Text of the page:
WASHINGTON - The crowded field trying to become the Republican nominee in the 2016 U.S. presidential race emerged from their latest debate Tuesday night with the usual positive declarations about their performances, but only six weeks and one debate left to convince the first set of voters in Iowa.
Debate host CNN limited the main debate field based on poll numbers, but the event still featured nine candidates pressing their case to lead the country.
"There was this sense that we really do need to have fewer people on stage," said Lara Brown, program director at George Washington University's Graduate School of Political Management. She added there is a "top tier forming" that includes billionaire Donald Trump and Senators Ted Cruz and Marco Rubio.
Trump has largely led in national polls since July and the latest surveys show him with his highest support yet. Meanwhile, Cruz and Rubio have risen in recent weeks, just as neurosurgeon Ben Carson plummeted and everyone else remained polling only a few percentage points.
One of those low in the polls is former Florida governor Jeb Bush, who at several times during the debate focused on Trump, including telling the businessman, "You're not going to be able to insult your way to the presidency."
Brown said Bush appeared to accept he will not be the nominee and wanted to take down Trump for the sake of the party, but did not succeed.
"Because part of the problem around Trump is that for many of the people who support him, it doesn't matter what he says or what is said about him" she said. "They're supporting what he represents, and so the only thing that will change their view of Donald Trump is if he doesn't win."
Kathleen Hall Jamieson, a presidential debate historian and director of the Annenberg Public Policy Center at the University of Pennsylvania, said Bush performed better Tuesday night than he had in the previous four Republican debates.
"He seemed primed and ready to make the case that he is ready to be commander in chief, and by contrast that Donald Trump is not," she said.
The debate featured multiple instances of candidates interrupting each other and having extended back-and-forth conversations. One instance involved Rubio and Cruz discussing immigration policy and whether they would seek to deport illegal immigrants already living in the United States.
Jamieson said what matters is how those interactions are perceived by voters who are not members of a political party or have yet to decide who they are supporting in the race.
"[Cruz] is a competent debater, but in the exchanges with Marco Rubio, when they're both on stage and they're going back and forth about whose immigration policy does what and who is or isn't lying about the other person's positions on the issues, I think the public is simply confused," she said.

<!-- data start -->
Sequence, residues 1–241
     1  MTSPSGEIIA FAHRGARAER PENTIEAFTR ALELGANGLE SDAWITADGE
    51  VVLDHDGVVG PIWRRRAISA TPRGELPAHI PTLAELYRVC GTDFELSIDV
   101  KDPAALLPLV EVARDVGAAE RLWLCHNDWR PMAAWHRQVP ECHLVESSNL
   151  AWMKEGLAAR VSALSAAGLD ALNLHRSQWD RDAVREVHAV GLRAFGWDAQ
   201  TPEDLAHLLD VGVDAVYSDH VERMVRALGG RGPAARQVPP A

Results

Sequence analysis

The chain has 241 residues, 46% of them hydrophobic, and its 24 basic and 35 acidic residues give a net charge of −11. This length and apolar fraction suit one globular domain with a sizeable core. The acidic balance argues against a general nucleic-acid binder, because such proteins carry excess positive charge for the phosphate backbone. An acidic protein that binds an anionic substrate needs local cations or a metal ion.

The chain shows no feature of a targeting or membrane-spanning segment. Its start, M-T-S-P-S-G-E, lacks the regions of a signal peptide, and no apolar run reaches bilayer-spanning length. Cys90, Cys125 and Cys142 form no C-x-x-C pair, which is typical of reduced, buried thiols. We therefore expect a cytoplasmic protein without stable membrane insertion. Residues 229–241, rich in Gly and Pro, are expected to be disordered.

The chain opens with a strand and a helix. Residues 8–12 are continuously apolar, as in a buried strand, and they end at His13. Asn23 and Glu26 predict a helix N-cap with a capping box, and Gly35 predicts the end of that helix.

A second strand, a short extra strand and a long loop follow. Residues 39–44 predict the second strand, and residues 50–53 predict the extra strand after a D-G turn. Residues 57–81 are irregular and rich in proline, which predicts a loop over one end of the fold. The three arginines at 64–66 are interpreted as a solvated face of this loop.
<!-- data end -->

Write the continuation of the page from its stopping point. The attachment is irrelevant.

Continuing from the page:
Brown said Cruz and Rubio overall had strong showings, fought for their positions and "landed criticisms of each other."
"For those who watch these debates, if your candidate is the one interrupting, you're happy because your candidate is fighting for more time," she said. "If it's not your candidate, you see it as intrusive."
The Republicans will debate again January 14, less than three weeks before the first nominating contest, the Iowa caucuses.
Those seeking the Democratic nomination have two debates remaining before Iowa, with their next one coming Saturday night.
Former Secretary of State Hillary Clinton, the long-standing front-runner among Democrats, used Twitter to try to set herself apart as the Republicans debated terrorism and national security issues.
"We need serious leadership to keep us safe. Hateful words and extreme proposals that go against our values aren't serious," she wrote. Clinton said the ideas from Republicans would not keep Americans safe, and that she was the only candidate who knows how to foster coalitions and "make the world safer."
Her chief competitor, Vermont Senator Bernie Sanders, also used the social media platform to promote a commitment to rights and to question why the Republicans did not cite income inequality, climate change or racial justice in their answers.
"We will not destroy ISIS by undermining our civil liberties and religious freedoms," Sanders said, using an acronym for the Islamic State group. He also said the idea of pushing away refugees fleeing Syria and Afghanistan is "reckless."